RMC Research Corporation, Portsmouth, NH: Author, 2007.

Early, Margaret. “Stages of Growth in Literacy Appreciation.” The English Journal.
          49.3 (1960): 161-167.

Fountas, Irene and Gay Su Pinnell. Guided Reading: Good First Teaching for All
          Children. Portsmouth, NH: Heinemann, 1996.

Gallagher,  Kelly. Readicide: How Schools Are Killing Reading and What You Can
          Do About It. Portland, ME: Stenhouse.

Ingham, Jennie. Books and Reading Development: The Bradford Book Flood
          Experiment. Second Edition. Portsmouth, NH: Heinemann, 1982.

IRA, “Providing Books and Other Print Materials for Classroom and School Libraries:
          A Position Statement of the International Reading Association.”  Newark, DE:

Jago, Carol. “What English Classes Should Look Like in Common Core Era.” The
          Answer  Sheet Blog. The Washington Post. 10 Jan 2013. Web.

Kajder, Sara. Adolescents and Digital Literacies: Learning Alongside Our Students.
          Urbana, IL: NCTE, 2010.

Kittle, Penny. Book Love: Developing Depth, Stamina, and Passion in Adolescent
         Readers. Portsmouth, NH: Heinemann, 2012.

Krashen, Stephen. The Power of Reading: Insights from the Research, second edition.
          Portsmouth, NH: Heinemann, 2004.

Layne, Steven. Igniting a Passion for Reading. Portland, ME: Stenhouse, 2009.

Lesesne, Teri. Reading Ladders. Portsmouth, NH: Heinemann, 2010.  

Marshall, Jodi Crum. Are They Really Reading? Portland, ME: Stenhouse, 2002.

Miller, Donalyn and Susan Kelley. Reading in the Wild: The Book Whisperer's Keys
          to Cultivating Lifelong Reading Habits.  Hoboken, NJ: Jossey-Bass, 2013.
Newkirk, Thomas. The Art of Slow Reading: Six Time-Honored Practices for
          Engagement. Portsmouth, NH: Heinemann, 2011.

Ogle,  Donna. Coming Together as Readers: Building Literacy Teams. Thousand  Oaks, CA:        
          Corwin, 2007.

Pearson, David and Nell Duke. “Effective Practices for Developing Reading Comprehension.”
           Newark, DE: IRA, 2002.

Pilgreen, Jan. The SSR Handbook: How to Organize and Manage a Sustained Silent
          Reading Program. Porstmouth, NH: Heinemann, 2000.

Quinones, Viviana. “ Sister libraries for Children's and Young Adults' Reading: An
          IFLA Programme for International Exchange and Cooperation.” World Library
          and Information Congress. Gothenburg, Sweden. 10-15August 2010

Reif, Linda. Read Write Teach: Choice and Challenge in the Reading-Writing
          Workshop. Portsmouth, NH: Heinemann, 2014.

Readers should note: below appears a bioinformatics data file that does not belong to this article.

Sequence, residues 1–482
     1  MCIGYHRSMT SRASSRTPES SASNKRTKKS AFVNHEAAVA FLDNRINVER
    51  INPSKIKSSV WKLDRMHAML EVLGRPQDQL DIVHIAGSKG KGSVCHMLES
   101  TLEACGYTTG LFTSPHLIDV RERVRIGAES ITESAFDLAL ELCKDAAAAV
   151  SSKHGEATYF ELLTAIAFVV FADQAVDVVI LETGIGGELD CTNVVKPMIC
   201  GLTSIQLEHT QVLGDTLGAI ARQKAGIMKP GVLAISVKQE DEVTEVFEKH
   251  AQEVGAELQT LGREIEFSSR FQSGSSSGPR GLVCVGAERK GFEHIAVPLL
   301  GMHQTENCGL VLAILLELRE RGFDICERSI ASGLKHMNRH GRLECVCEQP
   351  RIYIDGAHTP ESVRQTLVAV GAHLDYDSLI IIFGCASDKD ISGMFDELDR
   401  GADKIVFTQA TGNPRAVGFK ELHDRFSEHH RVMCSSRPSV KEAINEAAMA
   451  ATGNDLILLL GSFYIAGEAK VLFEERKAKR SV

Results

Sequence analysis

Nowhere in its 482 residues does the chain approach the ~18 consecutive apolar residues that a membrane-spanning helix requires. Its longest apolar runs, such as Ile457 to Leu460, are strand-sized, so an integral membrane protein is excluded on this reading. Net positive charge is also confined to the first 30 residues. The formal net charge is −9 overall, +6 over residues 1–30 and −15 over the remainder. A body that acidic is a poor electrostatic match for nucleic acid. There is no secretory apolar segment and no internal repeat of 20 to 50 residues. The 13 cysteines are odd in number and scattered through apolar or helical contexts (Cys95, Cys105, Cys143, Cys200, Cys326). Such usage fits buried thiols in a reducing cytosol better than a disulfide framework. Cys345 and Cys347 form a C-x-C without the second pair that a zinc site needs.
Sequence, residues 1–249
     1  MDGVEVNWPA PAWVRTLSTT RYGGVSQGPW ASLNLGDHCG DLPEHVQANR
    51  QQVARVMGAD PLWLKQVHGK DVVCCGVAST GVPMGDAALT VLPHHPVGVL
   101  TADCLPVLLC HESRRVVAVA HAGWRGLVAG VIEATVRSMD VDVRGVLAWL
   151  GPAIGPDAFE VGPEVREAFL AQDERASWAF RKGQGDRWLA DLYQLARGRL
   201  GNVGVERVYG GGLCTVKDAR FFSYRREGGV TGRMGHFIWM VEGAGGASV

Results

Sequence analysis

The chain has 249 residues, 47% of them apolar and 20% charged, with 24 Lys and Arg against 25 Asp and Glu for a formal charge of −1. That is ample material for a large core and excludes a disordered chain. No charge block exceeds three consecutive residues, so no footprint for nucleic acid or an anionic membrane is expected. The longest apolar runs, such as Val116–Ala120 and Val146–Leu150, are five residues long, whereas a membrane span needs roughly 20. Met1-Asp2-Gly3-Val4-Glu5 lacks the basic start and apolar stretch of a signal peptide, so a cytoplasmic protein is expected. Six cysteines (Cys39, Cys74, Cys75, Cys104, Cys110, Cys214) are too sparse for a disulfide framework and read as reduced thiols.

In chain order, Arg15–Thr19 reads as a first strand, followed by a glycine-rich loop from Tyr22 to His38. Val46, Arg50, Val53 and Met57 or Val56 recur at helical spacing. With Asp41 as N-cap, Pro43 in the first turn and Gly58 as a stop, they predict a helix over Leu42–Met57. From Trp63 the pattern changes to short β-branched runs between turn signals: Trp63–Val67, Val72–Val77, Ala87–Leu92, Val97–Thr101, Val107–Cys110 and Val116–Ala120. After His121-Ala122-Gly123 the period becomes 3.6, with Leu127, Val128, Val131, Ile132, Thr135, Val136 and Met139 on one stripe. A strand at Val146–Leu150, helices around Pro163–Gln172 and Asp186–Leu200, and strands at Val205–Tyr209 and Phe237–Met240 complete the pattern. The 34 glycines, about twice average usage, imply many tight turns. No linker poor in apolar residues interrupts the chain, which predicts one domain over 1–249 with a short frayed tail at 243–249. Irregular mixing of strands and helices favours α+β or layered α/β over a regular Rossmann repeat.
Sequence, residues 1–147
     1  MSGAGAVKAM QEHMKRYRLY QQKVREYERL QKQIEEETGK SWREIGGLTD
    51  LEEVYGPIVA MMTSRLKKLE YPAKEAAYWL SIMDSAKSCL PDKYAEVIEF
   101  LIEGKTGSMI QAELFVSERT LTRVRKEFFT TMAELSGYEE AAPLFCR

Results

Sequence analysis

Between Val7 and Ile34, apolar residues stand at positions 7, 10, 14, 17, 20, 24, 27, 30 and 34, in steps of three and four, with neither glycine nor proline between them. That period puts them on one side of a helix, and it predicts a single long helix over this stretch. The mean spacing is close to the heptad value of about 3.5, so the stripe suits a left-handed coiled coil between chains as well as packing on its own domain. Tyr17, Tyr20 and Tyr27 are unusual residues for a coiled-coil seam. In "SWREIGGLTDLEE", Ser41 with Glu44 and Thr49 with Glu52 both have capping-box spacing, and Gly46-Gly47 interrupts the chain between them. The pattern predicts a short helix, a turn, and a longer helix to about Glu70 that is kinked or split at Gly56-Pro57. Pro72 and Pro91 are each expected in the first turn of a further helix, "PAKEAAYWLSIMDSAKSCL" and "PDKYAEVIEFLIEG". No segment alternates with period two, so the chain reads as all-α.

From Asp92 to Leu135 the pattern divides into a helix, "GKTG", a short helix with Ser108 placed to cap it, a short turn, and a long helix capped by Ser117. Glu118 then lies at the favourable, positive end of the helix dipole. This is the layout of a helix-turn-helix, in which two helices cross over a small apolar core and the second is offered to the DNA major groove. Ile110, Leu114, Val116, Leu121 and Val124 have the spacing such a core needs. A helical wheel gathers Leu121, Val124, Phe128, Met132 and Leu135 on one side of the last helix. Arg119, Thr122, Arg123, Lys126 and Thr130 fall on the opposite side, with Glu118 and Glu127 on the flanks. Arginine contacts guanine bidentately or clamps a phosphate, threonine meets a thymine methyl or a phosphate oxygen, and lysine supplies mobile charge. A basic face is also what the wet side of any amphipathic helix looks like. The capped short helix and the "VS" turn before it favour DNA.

Routman, Regie. Reading Essentials: The Specifics You Need to Teach Reading Well.
          Portsmouth, NH: Heinemann, 2002.

Strickland, Dorothy and Donna Alvermann. Bridging the Literacy Achievement Gap
          Grades 4-12. New York, NY: Teachers College Press, 2004.

Tatum, Alfred. Reading for Their Life: (Re) Building the Textual Lineages of African
          American Adolescent Males. Portsmouth, NH: Heinemann, 2009.

Tovani, Cris. I Read It, But I Don’t Get It: Comprehension Stratgies for Adolescent
          Readers. Portland, ME: Stenhouse, 2000.

Underwood, Terry; Yoo, Monica and P. David Pearson. “Understanding Reading
          Comprehension in Secondary Schools through the Lens of theFour Resources
          Model.”  Secondary School Literacy: What Research Reveals for Classroom
          Practice. Urbana, IL: NCTE, 2007.

Vacca, Jo Anne; Vacca, Richard; Gove, Mary; Burkey, Linda; Lenhart, Lisa and
          Christine McKeon. Reading and Learning to Read. New York, NY: Pearson,

Wiesendanger, Katerhine D. and Ellen Birlem. “The Effectiveness of SSR: An
          Overview of the Research.” Reading Horizons, 24.3: 197-201.

Wilhelm,  Jeffrey and Michael W. Smith. “Don’t Underestimate the Power of
          Pleasure Reading.” Education Week. 22 Jan 2014.

Yoo, Monica. Students’ Perceived and Actual Use of Strategies for Reading and    
          Writing. Diss. University of California, 2010. Berkeley, CA: 2010.

Zemelman, Steven; Daniels, Harvey and Arthur Hyde. Best Practice: Bringing
          Standards to Life in America’s Classroom, fourth edition. Portsmouth, NH:
          Heinemann, 2012.

Literature Cited

Chevalier, Tracey. The Last Runaway. New York, NY: Penguin, 2013.

Gararder, Jostein. Sophie’s World: A Novel about the History of Philosophy.  New York, NY: Farrar,
            Straus and Girox, 2007.

Giovanni, Nikki. The Collected Poems of  Nikki Giovanni. New York, NY: Harper Collins, 2009.

Gregory, Danny. An Illustrated Life. New York, NY: HOW Books, , 2008.

Griffin, Paul. Burning Blue. New York, NY: Penguin, 2012.

Messued, Claire. The Woman Upstairs. New York, NY: Vintage, 2013.

Moriarty, Laura. The Center of Everything.  New York, NY: Hyperion, 2009.

Rumi, Jalal al-Din. The Essential Rumi. San Francisco, CA: Harper, 2004.

Smith, Jennifer. The Statistical Probability of Love at First Sight. New York, NY: Hachette Book 
          Group, 2012. 


  1. This is a superb post, Lee. My response to the teacher who criticizes independent reading and spread rumors is this: "And kids never lie about having read the teacher-assigned text?" I suppose I'm just too tired and old to worry about whether or not kids lie about their independent reading, which doesn't mean it doesn't concern me, but such worries take too much energy and bring me down. I'd rather focus on the ones who do read and try to work w/ the others. You and I are definitely on the same page of the book here.

  2. Just spending some time reading your posts and really enjoying and appreciating your deep thought